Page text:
Seinfeld (1989–1998)
4 user 2 critic

The Trip: Part 1 

When Jerry is asked to appear on The Tonight Show in Los Angeles, George accompanies him to look for Kramer.


Tom Cherones


Larry David (created by), Jerry Seinfeld (created by) | 2 more credits »


Episode cast overview, first billed only:
Jerry Seinfeld ... Jerry Seinfeld
Julia Louis-Dreyfus ... Elaine Benes (credit only)
Michael Richards ... Kramer
Jason Alexander ... George Costanza
Peter Murnik ... Lt. Martel
Elmarie Wendel ... Helene
Debi A. Monahan Debi A. Monahan ... Chelsea
Ricky Dean Logan ... The Freak
Vaughn Armstrong ... Lt. Coleman
Keith Morrison ... Newscaster
Winston J. Rocha Winston J. Rocha ... Security Agent
Manfred Melcher Manfred Melcher ... Officer
Christopher Michael Moore Christopher Michael Moore ... Studio Guard
Dyana Ortelli ... Chambermaid
Michael Gerard Michael Gerard ... Receptionist




Jerry is set to appear on the Tonight Show in Los Angeles and asks George if he'd like to come along. They also decide to take the opportunity to see if they can find Kramer. For his part, Kramer has been going to auditions and trying to sell a treatment for a movie. At the NBC studios, George tries to talk Corbin Bernsen and George Wendt into using his ideas. Jerry and George are taken aback when they see on TV news that Kramer is wanted by the police and is a suspected serial killer. Written by garykmcd

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Did You Know?


In this episode, Jerry (Jerry Seinfeld) tells the maid to tuck the blankets in. However, in Season 3 Episode 19 Seinfeld: The Limo (1992), Jerry and George (Jason Alexander) discuss how they both dislike the blankets tucked in at hotels. This comes up in the limo when Jerry tells George they should "make a run for it" and George says he has a hamstring injury from the blankets being tucked too tightly during a recent hotel stay. Jerry agrees and says you have to sleep with your feet sideways via a hand gesture. See more »


After Kramer makes a call to Candice Bergen, Helene stops him in the hallway and tells him she was in a The Three Stooges short called "Sappy Pappies" from 1934. The Three Stooges never made a short with that title. See more »


Kramer: So my acting technique, my personal acting technique, is working with color, imagining color, then finding the emotional vibrational mood connected to the color. See, if you look through my scripts, you'll see that all my lines have a special color. So I don't memorize language. I memorize color. This way I can go through red, yellow, green, blue.
[snaps on each color]
Kramer: And I have a full palette of emotions.
See more »


References L.A. Law (1986) See more »


Seinfeld Theme Song
Written by Jonathan Wolff
See more »

User Reviews

The beginning of true greatness
27 February 2009 | by MaxBorg89See all my reviews

The signs were clearly displayed in the Season Three finale The Keys, and The Trip: Part 1 confirms it: Seinfeld's fourth season is the show at its most inspired, provocative and constantly, endearingly funny. It's the only time the series won the Emmy for Outstanding Comedy (the remaining five seasons lost out to another NBC sitcom classic, Frasier), and it's also the year that saw Seinfeld become the ratings success it had deserved to be since 1990 (courtesy of Rick Ludwin's decision to air the show right after Cheers, which was in its final season).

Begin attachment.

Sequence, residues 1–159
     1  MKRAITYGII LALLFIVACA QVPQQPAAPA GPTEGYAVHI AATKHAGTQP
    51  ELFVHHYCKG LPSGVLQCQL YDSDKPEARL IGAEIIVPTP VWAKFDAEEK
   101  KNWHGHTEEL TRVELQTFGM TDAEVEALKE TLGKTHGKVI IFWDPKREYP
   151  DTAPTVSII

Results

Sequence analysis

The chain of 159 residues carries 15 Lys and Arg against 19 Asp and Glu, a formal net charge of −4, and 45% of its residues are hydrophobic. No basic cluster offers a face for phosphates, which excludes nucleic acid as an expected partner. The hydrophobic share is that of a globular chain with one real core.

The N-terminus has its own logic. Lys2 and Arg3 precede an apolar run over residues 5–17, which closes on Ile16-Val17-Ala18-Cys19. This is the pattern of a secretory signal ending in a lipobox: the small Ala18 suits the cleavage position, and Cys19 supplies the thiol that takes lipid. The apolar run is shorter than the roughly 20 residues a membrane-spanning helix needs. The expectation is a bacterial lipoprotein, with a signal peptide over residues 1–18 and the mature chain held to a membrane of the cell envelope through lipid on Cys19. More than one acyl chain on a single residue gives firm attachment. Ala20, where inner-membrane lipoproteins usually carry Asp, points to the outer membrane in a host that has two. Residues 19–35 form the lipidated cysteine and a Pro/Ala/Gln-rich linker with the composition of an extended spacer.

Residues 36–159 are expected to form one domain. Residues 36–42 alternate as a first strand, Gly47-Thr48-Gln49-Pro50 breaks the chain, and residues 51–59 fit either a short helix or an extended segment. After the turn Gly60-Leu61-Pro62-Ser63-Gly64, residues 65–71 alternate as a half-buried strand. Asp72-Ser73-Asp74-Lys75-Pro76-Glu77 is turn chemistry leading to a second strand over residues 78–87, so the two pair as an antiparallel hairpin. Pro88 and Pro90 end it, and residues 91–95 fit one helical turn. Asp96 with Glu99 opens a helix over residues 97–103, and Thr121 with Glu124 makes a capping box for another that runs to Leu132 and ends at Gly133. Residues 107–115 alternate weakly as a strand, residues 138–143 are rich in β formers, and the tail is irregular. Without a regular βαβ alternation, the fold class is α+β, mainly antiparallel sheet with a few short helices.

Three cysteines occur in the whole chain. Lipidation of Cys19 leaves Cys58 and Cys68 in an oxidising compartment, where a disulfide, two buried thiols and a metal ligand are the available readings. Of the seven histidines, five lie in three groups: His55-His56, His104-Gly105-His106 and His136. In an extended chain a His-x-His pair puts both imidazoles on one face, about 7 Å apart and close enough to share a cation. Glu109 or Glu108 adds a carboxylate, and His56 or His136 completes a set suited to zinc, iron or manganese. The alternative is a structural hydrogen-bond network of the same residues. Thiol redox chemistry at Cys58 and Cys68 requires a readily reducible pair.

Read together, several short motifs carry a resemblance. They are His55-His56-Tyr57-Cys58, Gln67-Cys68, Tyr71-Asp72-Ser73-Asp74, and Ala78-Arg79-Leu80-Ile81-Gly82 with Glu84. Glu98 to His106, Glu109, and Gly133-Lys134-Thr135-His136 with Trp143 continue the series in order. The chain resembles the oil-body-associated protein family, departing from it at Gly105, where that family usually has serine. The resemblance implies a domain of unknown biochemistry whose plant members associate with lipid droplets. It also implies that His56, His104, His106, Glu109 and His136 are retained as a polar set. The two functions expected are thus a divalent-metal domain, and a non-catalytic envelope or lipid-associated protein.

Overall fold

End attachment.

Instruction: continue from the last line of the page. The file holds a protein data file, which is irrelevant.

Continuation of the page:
Picking up from the discovery that Kramer has moved to Los Angeles and become an actor, The Trip has Jerry go to L.A. to make an appearance on The Tonight Show and George come with him to look for Kramer. What they don't know is that their friend is involved in a case of mistaken identity, and while Kramer gets in more trouble than usual, George manages to make a total ass out of himself once again by suggesting some of his crazy ideas to famous NBC stars such as Corbin Bernsen (L.A. Law) and George Wendt (Norm from Cheers).

The true genius of The Trip: Part 1 lies in what can be seen as a foreshadowing of the season's now legendary story arc about Jerry and George making a sitcom. The storyline isn't actually introduced until Episode 3, but the program's willingness to make fun of its own network is already visible in most of the episode, be it when Jerry talks to Jay Leno (a parody of the comedian's real-life guest appearance on the famous talk show) or the instantly hilarious moment when George asks Wendt if they could use another setting instead of the bar (it would be like asking Larry David to stop using Jerry's apartment).

In short: the show's love for self-mockery is most evident in the fourth season, and an appetizer of some of the series' finest moments are visible in this episode. It's so good, it doesn't even matter that Elaine is absent for the first time since the pilot (in which she didn't even exist yet).

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Release Date:

12 August 1992 (USA) See more »

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